All instances have a feed just for people on that server that shows all toots posted in that instance in chronological order. But you can also just look at your personalized feed, which shows only toots from the people you follow — that’s the experience that’s most like Twitter.
Your username includes your server’s name
Following isn’t as simple as it is on Twitter. If you want to follow someone on the same instance as you, press the plus button next to their username.
But if they’re on a different instance than you, it’s best to copy and paste their entire username into Mastodon’s search box— including the part after the second “@” symbol that denotes which server they are on.
For example: @Gargron@mastodon.social is how to follow the CEO of Mastodon. Users who are not on Mastodon.Social need to copy and paste that entire string into their search box.
You can follow me at the address @email@example.com.
There’s no verification on Mastodon, and DMs are viewable by the instance administrator. Content moderation is also up to the instance administrator — Mastodon.Social, for example, bans Nazi imagery. Other servers may have looser rules.
How to find friends
Mastodon can be a bit of a ghost town when you first log on, but there are a few ways to find your old favorite tweeters on the platform. Whether they post a lot is a different question.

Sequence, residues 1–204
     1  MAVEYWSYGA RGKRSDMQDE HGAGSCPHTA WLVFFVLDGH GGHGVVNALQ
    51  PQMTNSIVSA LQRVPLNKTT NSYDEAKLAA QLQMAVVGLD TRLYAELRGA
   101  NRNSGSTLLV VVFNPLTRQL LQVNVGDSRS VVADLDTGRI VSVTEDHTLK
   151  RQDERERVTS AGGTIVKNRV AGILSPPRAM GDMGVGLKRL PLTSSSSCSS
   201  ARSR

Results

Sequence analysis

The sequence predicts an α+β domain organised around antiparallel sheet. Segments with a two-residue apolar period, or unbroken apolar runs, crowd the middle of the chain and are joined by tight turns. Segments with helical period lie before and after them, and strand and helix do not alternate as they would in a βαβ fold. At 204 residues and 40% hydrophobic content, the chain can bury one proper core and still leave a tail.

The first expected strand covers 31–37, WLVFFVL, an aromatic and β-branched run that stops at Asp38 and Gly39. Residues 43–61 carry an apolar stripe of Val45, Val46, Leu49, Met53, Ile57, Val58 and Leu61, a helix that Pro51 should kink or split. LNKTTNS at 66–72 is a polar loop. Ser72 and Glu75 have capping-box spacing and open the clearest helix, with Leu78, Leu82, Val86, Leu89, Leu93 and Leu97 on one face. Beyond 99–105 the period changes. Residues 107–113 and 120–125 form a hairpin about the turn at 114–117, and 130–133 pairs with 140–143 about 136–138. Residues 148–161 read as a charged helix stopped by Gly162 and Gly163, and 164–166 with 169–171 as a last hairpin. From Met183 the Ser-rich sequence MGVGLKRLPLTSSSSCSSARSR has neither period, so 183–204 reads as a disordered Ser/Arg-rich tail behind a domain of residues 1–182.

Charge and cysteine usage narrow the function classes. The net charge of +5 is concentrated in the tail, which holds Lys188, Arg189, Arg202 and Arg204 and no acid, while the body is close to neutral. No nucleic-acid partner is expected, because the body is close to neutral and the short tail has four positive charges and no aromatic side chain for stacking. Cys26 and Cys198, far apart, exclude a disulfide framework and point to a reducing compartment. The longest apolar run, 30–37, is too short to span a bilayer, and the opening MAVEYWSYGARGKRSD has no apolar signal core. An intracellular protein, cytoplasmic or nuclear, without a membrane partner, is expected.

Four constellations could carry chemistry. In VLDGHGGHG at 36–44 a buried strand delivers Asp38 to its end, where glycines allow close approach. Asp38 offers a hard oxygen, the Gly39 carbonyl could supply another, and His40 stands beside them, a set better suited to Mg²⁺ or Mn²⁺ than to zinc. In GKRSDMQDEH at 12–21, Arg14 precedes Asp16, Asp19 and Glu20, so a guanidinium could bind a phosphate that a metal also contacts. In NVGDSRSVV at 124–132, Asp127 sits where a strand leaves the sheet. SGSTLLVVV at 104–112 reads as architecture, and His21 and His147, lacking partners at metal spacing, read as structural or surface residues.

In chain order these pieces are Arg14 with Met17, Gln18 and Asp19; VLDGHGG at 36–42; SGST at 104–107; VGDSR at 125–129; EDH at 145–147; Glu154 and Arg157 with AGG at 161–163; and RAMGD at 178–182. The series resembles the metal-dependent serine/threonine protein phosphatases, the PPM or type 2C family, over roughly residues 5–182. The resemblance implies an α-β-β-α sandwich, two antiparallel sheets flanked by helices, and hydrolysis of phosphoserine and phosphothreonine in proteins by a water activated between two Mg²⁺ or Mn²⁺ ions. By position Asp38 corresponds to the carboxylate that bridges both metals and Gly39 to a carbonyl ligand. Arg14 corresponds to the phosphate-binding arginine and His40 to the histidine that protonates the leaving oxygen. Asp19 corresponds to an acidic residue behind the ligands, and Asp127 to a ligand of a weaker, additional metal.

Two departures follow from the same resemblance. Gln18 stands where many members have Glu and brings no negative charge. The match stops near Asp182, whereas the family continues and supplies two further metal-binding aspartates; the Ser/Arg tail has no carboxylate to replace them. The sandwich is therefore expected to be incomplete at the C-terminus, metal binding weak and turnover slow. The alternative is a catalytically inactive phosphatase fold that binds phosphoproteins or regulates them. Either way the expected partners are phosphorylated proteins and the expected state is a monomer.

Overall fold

One of the easiest ways to find people to follow is to search “Mastodon” on Twitter, where people who have created new accounts often post their new handles. Copy and paste it into the Mastodon search box to follow them.
You can also copy and paste your Mastodon handle — with the @ symbol and domain — into your Twitter account to get your existing followers to try to join you.
There are several directories that list interesting people to follow on Mastodon.
If you’d like to try to follow the same people on Mastodon as you did on Twitter, there are several third-party apps that will try to import your follow list, although they require access to your Twitter account — be aware that you’re giving that information away to a third party.
It’s time to get tooting. A first post that describes your interests or topics can help people find you.
Mastodon, like Twitter in its early days, gives users the choice to use different apps and interfaces to interact with toots and boosts.
Twitter migrants who miss TweetDeck, which displays several timelines on a desktop computer, should enable the Advanced Web Interface option in the settings to bring up a denser interface with multiple columns.
Make sure to look through the settings for features that aren’t available on Twitter — like automatic post deletions and powerful block and muting features. A sensitive content feature can hide rants or NSFW posts behind a button. The latest version of Mastodon, 4.0, includes new abilities to follow hashtags, translate or edit posts, and additional content filters.
If you don’t like the instance you started on, it’s possible to export your account to another server.
Mastodon isn’t as easy to use as Twitter, nor does it have as many users generating content that will bring you back day after day. But its free, open-source approach with thousands of different servers guarantees that the platform can’t be bought for $44 billion.